Fired up for life

Andrew Duggan hangs up his hat after almost four decades as a volunteer firefighter that saw him serve with his father and his son

After 36 years as a volunteer firefighter in Dallas, Andrew Duggan has said goodbye — or at least see you later — to Kamloops Firehall No. 6.

He retired on Nov. 22.

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“It was a long stretch,” Duggan said. “It was a lot of fun, but it was getting to the point where it was time to turn it over to the younger ones.”

For Duggan, getting involved with the fire department more than three decades ago was in his blood — his father helped open the Dallas/Barnhartvale firehall before the area was even part of the city.

“I kind of grew up around the volunteer department out here,” he said.

“And I kind of just grew up with it around the house, 24 hours a day, seven days a week, and the functions that went on with the department.”

Functions like being at the fire hall once a week for practice night or responding to calls whenever needed, regardless of what time they came in.

That is something that Duggan said he won’t miss now that he’s retired.

“Two days before I retired, Monday night, Tuesday morning, two o’clock, the radio goes off for a medical call,” Duggan recounted.

“I find that if I have to get up at two o’clock for that, there is no going back to sleep. Doesn’t matter whether it’s a 10-minute call or a two-hour call, you go home, it’s 5:30 before I’m falling asleep again.”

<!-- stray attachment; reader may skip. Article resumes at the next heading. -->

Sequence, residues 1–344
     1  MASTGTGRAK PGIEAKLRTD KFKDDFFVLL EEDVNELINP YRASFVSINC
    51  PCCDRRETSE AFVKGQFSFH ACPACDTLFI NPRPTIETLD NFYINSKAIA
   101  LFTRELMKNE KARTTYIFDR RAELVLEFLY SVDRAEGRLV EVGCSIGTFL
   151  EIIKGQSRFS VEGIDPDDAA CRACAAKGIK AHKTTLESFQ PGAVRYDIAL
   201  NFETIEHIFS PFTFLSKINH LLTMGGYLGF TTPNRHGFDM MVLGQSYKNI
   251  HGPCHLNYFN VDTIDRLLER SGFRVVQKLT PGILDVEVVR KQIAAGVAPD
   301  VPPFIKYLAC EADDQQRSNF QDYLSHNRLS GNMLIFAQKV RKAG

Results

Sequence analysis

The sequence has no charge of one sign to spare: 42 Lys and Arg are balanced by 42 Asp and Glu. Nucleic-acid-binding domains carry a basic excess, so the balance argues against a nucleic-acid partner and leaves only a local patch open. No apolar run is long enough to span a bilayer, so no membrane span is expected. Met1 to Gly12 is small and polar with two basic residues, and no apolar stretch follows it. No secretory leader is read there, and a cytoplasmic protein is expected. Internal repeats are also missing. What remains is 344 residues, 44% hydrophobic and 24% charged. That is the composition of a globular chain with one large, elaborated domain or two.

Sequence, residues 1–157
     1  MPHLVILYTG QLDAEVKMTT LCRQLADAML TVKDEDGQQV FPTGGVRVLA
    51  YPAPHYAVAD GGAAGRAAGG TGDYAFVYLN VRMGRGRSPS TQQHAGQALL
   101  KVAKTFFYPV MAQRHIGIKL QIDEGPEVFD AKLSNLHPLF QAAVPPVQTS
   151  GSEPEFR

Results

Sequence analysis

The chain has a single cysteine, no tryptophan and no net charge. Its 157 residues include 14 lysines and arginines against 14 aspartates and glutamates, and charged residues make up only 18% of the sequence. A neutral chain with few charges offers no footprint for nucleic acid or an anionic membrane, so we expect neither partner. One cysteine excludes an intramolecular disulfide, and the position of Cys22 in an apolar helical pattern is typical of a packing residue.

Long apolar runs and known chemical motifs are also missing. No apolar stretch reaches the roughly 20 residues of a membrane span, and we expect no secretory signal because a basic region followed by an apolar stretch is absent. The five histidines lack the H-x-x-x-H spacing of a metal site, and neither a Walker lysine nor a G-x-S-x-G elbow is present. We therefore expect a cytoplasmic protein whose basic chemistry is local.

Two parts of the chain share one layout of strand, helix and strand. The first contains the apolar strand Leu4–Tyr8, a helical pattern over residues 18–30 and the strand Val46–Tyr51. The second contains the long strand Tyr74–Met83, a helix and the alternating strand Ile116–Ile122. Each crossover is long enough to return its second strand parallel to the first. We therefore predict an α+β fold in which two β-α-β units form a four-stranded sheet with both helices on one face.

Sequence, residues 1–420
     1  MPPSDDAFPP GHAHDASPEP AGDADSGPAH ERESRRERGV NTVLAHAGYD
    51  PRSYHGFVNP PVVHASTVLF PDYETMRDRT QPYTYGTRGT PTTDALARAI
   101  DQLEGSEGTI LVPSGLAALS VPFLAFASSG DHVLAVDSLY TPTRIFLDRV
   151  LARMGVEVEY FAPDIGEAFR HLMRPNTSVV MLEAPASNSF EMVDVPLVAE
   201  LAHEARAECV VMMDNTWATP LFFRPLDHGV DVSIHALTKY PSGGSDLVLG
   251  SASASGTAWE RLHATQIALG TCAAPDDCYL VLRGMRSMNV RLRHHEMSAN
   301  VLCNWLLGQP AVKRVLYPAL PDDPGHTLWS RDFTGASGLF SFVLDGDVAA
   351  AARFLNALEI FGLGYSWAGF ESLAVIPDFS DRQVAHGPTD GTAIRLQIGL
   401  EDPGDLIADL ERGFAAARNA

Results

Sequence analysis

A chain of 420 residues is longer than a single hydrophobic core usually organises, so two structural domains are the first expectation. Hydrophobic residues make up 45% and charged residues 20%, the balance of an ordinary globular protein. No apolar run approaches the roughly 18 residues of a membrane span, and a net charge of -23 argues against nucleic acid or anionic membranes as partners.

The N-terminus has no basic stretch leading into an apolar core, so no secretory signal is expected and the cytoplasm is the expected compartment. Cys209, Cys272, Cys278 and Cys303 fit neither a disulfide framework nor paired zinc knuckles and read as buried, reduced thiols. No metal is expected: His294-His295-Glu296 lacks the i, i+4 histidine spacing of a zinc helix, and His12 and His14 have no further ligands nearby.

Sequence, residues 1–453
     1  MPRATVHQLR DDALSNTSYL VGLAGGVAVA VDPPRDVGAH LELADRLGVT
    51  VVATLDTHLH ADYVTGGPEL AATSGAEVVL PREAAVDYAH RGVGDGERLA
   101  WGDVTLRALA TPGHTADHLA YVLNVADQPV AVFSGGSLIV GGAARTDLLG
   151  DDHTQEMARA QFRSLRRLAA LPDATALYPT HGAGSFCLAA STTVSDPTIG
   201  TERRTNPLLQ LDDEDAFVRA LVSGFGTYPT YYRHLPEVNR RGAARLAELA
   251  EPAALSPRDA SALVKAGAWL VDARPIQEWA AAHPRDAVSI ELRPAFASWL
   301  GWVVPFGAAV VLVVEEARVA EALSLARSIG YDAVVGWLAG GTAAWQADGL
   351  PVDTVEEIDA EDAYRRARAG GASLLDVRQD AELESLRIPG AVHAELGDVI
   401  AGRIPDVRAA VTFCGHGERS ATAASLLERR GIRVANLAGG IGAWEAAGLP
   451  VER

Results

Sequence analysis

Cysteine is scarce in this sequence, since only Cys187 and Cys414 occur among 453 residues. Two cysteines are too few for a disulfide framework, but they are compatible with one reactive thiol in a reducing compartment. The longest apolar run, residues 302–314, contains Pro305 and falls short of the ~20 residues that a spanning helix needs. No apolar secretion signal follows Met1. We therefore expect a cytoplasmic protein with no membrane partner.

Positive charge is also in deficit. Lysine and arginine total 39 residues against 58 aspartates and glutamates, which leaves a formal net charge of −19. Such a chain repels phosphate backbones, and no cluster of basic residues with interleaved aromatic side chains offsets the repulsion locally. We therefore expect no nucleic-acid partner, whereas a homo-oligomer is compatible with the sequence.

Three generations of Duggans stand in uniform at their hall in Dallas. On the left is Andrew. On the right is son Kevin and father Arthur. - Duggan family photo

But there’s a lot that Duggan will miss — moments when he was able to help others or minimize a family’s loss, the camaraderie among firefighters and the way tragedy can sometimes pull the community together.

He shared such a story about a recent grassfire.

“There was one and I can’t remember the year, but a lot of the hillside burned along behind Dallas and up over into Barnhartvale,” Duggan said.

“And guys would go to work and then they’d come home and they’d go back on the fire line in the evenings and be out there till midnight, two o’clock. And then they’d grab a couple hours’ sleep and go back to work.

“It was a really long stretch, it was very tiring, but it was phenomenal the way the community came together.”

Duggan said people arrived with trays full of sandwiches and juice to help fuel fireighters who had been battling the flames for 12 to 14 hours and working regular jobs the rest of the day.

“Looking back, that was kind of a really neat time when the community really came together,” he said.

Another pleasant memory for Duggan is of the years he spent as a volunteer firefighter working with his family — three generations at the Dallas/Barnhartvale fire hall.

“I was very fortunate to work with my father for eight years before he retired,” Duggan said.

“And then my son just shut it down this year, I had eight or nine years with him. He was serving under me at this hall.”

Duggan is looking forward to spending more time with his grandchildren and a planned retirement from his day job with the city.

Although he won’t officially be in the auxiliary any more, he does plan to stay in touch with the crew with whom he spent so much time with over the years.

“I’m not sure I want to lose touch totally with it, but it is time to step aside and let the 20-year-olds and 30-year-olds take over,” Duggan said.

“I’ve enjoyed it all, the training, the calls, some you’d rather not remember. But there were way more times that you were able to help people and make their misfortunes a little easier to bear.”

© Kamloops This Week


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